When deciding the appropriate level of child support, the court has to determine the income of both parties involved (i.e. the parents). The determination of income (what’s included and what isn’t) is often the most important financial finding a court makes during an action involving child support. It has a lasting impact on both the obligor (paying spouse) and the obligee (receiving spouse).
It is important that you have competent and thorough counsel on your side when this determination is being made.
Some of the highlights of RCW 26.19.071 are provided below:
- When determining gross monthly income, courts include: salaries and wages; commissions; deferred compensations; overtime (except in certain circumstances); dividends; interest; trust income; annuities; capital gains; pension benefits and more. RCW 26.19.071(3)(a-u).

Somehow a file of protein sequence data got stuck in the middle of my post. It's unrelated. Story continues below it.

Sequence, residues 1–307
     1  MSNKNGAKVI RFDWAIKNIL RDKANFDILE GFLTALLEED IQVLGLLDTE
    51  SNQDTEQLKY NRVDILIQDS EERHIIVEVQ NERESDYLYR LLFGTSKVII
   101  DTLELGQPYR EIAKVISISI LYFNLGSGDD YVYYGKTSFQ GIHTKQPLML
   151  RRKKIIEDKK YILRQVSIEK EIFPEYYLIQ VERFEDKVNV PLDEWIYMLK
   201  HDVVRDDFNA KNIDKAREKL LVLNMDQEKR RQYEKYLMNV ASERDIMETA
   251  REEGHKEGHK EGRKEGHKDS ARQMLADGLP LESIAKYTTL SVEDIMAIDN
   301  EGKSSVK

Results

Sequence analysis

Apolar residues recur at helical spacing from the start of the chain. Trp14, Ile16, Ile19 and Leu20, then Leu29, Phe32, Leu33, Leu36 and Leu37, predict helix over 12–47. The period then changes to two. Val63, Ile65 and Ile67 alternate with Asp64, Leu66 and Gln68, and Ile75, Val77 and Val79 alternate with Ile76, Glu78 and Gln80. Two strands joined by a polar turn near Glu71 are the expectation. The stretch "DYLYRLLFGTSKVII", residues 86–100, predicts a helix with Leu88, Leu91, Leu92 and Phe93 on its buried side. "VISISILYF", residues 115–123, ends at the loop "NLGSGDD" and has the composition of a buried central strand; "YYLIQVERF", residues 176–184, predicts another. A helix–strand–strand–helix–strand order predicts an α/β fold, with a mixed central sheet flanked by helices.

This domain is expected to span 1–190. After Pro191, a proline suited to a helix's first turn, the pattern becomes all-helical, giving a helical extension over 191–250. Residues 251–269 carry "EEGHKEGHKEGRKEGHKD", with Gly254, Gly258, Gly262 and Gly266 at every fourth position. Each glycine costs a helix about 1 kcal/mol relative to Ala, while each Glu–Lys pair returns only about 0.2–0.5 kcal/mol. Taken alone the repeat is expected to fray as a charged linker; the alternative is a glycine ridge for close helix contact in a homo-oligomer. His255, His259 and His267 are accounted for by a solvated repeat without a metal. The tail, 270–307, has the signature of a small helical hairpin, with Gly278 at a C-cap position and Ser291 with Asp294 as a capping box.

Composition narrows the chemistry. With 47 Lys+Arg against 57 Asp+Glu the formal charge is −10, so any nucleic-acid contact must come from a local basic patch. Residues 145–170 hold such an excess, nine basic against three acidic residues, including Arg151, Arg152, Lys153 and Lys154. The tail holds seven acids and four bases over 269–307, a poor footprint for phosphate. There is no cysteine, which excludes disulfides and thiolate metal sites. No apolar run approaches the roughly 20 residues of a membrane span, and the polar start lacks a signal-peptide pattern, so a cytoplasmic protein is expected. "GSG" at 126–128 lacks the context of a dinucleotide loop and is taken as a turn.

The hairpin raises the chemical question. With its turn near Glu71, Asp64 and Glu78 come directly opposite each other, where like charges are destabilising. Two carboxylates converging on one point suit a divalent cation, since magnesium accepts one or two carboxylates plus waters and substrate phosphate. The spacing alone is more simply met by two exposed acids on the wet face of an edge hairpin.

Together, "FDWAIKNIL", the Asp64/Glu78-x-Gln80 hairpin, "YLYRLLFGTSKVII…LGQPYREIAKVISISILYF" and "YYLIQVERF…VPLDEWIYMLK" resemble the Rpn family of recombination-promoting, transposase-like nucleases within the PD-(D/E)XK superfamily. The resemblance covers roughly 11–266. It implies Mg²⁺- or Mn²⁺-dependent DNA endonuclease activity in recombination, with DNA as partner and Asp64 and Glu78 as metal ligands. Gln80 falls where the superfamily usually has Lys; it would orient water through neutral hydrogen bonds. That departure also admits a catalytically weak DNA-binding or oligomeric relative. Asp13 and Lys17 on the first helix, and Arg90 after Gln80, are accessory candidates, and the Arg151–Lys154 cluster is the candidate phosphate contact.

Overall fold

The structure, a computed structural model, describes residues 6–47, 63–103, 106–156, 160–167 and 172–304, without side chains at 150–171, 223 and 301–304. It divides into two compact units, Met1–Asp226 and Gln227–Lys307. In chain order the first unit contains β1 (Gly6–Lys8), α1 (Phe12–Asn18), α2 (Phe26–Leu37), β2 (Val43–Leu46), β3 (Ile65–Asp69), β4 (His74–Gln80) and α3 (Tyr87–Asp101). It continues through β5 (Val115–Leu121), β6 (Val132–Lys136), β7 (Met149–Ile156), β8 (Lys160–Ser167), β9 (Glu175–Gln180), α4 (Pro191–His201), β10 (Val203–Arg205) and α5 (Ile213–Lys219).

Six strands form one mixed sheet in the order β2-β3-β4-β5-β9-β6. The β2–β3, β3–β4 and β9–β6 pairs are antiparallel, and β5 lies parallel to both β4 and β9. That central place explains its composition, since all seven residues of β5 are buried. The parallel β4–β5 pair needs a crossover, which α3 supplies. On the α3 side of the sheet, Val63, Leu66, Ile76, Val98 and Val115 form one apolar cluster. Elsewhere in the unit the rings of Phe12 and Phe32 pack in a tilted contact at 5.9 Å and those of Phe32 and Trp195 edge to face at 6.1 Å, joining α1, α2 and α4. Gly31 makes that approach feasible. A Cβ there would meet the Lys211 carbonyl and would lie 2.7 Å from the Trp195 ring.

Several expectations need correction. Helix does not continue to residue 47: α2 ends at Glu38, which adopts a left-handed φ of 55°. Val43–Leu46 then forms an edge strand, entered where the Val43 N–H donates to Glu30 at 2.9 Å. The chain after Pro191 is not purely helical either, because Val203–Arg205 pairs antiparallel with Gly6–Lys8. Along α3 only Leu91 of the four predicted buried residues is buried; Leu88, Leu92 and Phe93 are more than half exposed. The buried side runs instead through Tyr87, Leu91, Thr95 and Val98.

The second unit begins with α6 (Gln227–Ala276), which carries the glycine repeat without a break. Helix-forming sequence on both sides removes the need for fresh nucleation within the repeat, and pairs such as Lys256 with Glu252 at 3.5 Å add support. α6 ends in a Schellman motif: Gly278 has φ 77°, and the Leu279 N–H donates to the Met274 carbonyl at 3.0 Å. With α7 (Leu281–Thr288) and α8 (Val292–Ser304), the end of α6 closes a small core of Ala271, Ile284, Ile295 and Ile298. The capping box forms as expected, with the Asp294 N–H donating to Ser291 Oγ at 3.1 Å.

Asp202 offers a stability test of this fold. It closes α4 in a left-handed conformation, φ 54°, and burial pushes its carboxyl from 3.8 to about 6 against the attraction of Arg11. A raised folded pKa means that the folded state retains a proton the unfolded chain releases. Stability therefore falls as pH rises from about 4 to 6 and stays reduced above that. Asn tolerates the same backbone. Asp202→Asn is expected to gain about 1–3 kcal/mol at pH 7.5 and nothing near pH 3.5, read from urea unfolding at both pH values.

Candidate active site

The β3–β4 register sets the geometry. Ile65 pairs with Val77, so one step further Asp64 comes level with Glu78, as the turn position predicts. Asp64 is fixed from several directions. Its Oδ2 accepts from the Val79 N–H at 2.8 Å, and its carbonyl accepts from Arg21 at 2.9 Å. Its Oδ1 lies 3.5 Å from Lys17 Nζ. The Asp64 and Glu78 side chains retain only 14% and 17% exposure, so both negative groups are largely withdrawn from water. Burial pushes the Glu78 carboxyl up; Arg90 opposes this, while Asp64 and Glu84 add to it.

- Income may be imputed to you if you work less than full-time. This means that the court may attribute an income to you that you do not actually receive. RCW 26.19.071(6).
- When determining gross monthly income, courts exclude: income of a new spouse; child support received from other relationships; gifts and prizes; TANF; aged, blind or disabled assistance benefits; pregnant women assistance benefits; food stamps and overtime (in certain circumstances). RCW 26.19.071(a-i). (Please note, although excluded for purposes of determining gross monthly income, the courts require that they be made aware of all income, and the income may be considered if a deviation is requested.)
- When calculating net monthly income, courts exclude federal and state taxes; mandatory pension plan payments; mandatory union or professional dues; court-ordered maintenance; up to five thousand dollars per year in voluntary retirement contributions (so long as the contributor is able to show that s/he has been doing so for a year, and not for purposes of reducing child support, business expenses, and more. RCW 26.19.071(5)(a-h).
Please contact us if we can assist you in your child support matter.